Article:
Those who flood the halls of Toronto’s FanExpo Canada might not be the same that sang along to hit tunes of Grease, but John Travolta brought us all together as he popped by the convention to promote his new movie, The Fanatic.
You can check out my thoughts on his portrayal of a superfan in Fred Durst’s film here, but to put it briefly, Travolta stars as Moose, an obsessed fan whose obsession turns sinister when he is rejected by the object of his desire, Hunter. Travolta plays the most toxic version of fandom, one of obsession and entitlement and ultimately, violence. But that didn’t stop Travolta from boasting that “for the first time in film history, I’ve captured the actual heart of a fan.” He then recalled the beauty of fandom, something he identifies with, and how he hoped to have portrayed that in the film.
On discussing the creator, Fred Durst, Travolta chatted about how he had come across Durst and what Durst had done to break the ice to get into film making. “Fred is a great film maker, he is a visionary,” Travolta gushed.
Travolta then went on to recall some of his most memorable fans, including a woman who changed her name to Sharon Travolta, something he found very sweet, and the couple of people who had broken into his house to meet him, which he found “touching, in a way.” Sounds like Travolta’s version of the beauty of fandom might not be what we had assumed.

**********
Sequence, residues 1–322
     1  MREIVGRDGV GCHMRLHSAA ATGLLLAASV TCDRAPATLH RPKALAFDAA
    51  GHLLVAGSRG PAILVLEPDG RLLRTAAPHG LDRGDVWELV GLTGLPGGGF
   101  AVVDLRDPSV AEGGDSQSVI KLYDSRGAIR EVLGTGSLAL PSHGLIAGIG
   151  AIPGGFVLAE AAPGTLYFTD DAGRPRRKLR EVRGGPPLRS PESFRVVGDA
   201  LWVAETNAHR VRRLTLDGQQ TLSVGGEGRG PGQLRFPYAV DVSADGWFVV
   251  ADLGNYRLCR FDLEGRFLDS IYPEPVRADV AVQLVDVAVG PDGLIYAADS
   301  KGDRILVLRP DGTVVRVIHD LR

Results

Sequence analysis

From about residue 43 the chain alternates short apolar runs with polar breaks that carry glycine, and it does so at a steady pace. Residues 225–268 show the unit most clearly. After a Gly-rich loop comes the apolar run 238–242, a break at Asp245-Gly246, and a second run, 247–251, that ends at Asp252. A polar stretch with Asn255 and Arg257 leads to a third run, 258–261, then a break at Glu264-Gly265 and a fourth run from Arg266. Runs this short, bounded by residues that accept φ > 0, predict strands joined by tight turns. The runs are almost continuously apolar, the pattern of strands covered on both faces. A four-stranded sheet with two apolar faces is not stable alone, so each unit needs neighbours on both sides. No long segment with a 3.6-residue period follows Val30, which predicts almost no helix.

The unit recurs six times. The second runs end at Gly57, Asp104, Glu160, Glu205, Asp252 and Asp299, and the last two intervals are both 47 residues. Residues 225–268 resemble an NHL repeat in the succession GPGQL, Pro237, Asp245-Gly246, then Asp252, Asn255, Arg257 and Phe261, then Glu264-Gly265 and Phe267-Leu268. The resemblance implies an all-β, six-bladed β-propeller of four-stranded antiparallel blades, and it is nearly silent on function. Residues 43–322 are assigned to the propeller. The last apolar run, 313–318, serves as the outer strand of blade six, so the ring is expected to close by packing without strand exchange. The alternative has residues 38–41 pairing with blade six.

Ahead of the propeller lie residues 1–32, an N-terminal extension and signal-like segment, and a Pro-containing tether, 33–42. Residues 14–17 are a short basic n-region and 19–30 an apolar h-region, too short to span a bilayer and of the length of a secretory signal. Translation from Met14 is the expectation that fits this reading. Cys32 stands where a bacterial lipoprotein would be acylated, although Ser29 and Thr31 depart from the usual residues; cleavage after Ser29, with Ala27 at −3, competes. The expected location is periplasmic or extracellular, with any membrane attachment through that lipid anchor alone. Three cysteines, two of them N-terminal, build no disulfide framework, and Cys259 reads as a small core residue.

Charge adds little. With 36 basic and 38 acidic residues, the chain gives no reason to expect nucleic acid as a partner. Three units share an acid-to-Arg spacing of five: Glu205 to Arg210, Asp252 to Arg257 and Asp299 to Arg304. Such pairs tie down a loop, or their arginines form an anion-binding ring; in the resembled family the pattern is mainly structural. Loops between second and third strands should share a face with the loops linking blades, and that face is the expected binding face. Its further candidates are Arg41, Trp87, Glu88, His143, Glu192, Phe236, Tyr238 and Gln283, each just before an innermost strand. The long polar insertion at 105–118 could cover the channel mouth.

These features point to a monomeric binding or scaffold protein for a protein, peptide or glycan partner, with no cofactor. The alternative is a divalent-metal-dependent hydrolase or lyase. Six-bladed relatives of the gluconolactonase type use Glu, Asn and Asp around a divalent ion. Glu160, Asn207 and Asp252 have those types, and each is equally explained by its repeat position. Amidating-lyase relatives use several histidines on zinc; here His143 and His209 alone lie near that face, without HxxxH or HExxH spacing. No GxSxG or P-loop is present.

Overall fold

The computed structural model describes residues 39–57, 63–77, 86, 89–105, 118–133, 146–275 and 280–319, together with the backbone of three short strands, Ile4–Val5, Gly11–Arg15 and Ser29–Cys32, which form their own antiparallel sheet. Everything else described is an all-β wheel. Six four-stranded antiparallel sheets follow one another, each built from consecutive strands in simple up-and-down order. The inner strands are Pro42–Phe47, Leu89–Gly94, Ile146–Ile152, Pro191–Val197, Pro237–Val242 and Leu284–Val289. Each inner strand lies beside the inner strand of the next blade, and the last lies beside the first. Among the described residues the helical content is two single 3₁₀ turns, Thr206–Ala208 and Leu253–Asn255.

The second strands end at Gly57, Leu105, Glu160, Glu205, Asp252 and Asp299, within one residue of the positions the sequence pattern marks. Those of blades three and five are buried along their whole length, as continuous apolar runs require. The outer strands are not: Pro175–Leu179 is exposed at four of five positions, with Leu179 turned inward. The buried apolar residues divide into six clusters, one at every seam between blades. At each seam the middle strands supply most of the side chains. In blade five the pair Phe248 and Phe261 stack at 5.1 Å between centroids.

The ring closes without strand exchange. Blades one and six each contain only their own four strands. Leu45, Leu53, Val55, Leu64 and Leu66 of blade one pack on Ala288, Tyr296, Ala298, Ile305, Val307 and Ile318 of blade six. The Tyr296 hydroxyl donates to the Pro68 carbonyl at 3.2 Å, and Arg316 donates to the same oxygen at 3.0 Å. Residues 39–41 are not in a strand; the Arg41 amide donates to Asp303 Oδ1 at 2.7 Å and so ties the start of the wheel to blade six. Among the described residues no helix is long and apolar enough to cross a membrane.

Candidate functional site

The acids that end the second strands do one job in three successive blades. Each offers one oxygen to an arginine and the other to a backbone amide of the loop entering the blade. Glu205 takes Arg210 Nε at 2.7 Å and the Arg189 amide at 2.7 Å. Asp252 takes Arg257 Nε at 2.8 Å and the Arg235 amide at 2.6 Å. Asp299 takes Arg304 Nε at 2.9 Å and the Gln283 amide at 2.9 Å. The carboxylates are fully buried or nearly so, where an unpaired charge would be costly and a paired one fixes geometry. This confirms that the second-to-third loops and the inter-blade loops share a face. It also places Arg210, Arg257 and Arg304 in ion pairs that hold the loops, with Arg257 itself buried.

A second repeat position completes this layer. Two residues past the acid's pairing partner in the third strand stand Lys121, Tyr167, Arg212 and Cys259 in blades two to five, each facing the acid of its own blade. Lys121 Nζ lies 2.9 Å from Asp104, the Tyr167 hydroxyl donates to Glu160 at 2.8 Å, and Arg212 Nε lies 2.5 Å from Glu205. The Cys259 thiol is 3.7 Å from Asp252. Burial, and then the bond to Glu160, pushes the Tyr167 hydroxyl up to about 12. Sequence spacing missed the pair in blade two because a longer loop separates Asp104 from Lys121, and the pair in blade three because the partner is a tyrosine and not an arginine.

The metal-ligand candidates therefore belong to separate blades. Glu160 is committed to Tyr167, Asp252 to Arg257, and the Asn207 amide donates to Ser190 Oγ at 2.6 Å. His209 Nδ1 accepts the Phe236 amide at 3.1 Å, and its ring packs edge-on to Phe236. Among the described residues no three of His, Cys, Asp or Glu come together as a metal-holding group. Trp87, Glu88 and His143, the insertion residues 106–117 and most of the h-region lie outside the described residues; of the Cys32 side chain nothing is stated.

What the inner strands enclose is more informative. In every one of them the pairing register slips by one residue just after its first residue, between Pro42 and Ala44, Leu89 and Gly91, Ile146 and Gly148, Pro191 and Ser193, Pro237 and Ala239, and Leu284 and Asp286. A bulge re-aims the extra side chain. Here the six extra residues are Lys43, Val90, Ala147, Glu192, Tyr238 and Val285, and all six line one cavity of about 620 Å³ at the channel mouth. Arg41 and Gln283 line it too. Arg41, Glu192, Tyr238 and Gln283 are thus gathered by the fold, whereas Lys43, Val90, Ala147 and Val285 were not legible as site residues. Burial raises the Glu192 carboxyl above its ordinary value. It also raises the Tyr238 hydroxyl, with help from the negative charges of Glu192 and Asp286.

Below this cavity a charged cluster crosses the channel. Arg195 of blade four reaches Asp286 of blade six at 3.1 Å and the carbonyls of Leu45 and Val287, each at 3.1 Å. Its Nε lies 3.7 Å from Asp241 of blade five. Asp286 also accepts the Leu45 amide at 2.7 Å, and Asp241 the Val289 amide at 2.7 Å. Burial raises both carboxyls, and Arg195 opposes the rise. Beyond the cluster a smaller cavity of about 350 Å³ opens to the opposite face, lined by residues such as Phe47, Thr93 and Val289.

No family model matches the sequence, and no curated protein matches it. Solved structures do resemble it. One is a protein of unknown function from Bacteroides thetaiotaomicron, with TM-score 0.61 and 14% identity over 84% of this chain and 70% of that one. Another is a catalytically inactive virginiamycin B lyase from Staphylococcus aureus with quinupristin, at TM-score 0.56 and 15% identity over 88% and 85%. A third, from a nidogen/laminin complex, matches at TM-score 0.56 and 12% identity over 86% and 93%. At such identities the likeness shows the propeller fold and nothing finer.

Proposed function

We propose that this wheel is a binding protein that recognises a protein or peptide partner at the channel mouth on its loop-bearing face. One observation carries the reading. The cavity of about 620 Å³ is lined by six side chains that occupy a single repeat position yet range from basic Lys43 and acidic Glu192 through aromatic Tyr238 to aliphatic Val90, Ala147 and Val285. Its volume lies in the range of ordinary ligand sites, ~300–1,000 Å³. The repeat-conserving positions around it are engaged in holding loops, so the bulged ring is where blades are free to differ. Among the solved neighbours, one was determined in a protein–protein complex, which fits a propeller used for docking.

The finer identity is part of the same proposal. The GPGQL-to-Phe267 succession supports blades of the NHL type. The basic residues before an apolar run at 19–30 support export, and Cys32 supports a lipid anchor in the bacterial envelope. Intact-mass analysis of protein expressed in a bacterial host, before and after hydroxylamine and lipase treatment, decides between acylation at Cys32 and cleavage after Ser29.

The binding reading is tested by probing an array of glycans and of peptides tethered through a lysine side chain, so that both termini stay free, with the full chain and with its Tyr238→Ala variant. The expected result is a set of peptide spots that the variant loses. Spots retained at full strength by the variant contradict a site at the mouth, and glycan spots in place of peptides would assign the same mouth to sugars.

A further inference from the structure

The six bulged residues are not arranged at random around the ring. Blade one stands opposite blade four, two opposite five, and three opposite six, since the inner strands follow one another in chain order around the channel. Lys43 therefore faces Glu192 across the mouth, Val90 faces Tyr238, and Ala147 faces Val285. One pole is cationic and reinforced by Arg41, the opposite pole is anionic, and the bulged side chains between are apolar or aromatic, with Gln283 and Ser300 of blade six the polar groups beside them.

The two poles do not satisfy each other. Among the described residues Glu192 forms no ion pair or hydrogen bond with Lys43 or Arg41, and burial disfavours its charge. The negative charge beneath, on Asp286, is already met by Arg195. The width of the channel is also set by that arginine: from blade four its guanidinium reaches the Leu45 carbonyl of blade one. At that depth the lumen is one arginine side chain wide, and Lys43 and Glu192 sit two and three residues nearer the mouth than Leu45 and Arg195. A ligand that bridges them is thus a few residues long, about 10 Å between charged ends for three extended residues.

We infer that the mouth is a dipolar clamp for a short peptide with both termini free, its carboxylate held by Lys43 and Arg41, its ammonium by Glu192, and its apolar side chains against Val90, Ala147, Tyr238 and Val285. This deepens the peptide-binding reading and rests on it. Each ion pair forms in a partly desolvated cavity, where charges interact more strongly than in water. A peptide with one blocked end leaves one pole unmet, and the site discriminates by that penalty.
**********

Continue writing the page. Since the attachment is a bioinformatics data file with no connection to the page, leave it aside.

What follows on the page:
John Travolta has had an impressive career, from Grease and Saturday Night Fever through Faceoff and American Crime Story: The People vs OJ Simpson, a project he produced and was extremely proud of. Fans in attendance at the panel were treated to some of his better anecdotes, including his campaign for Olivia Newton-John as Sandy in Grease and his insistence on the keeping of the master shot of his choreography in Saturday Night Fever.
Travolta was asked what he found easier, playing heroes and villains, and his answer gave tidbits and a glimpse into the great work he has given us. He said, “any role is easy to play when it is well written. If a villain is well written, there is more freedom.” With villains, he feels there is freedom to do a lot with the character, improvise offbeat comedy, and change lines and delivery in a way that is fantastical and out of the reach of a hero. He recalled working on Faceoff and how he thought it would be funny for his villain character to be gazing at ‘his own face’ and comment on it being good looking. With Nic Cage’s permission, he improvised “oooweeee you good lookin,” and licked Nic’s face. “Wouldn’t it be hysterical if he just missed his own face?” He also recalled his work in Pulp Fiction, and how, while not a traditional villain, his character was bad. So he improvised “I shot Marvin in the face,” delivering it as if “I had just stepped on his toe.” Recalling the decision, he said it was “so wildly out of the realm of logic, that it has humour to it. Those are the kinds of things that bad guys allow you to do if they’re well-conceived.”
Travolta was a warm panel of fandom and friendship that almost convinced me that all fandom is beautiful and mutually beneficial. But then, I’ve seen The Fanatic.
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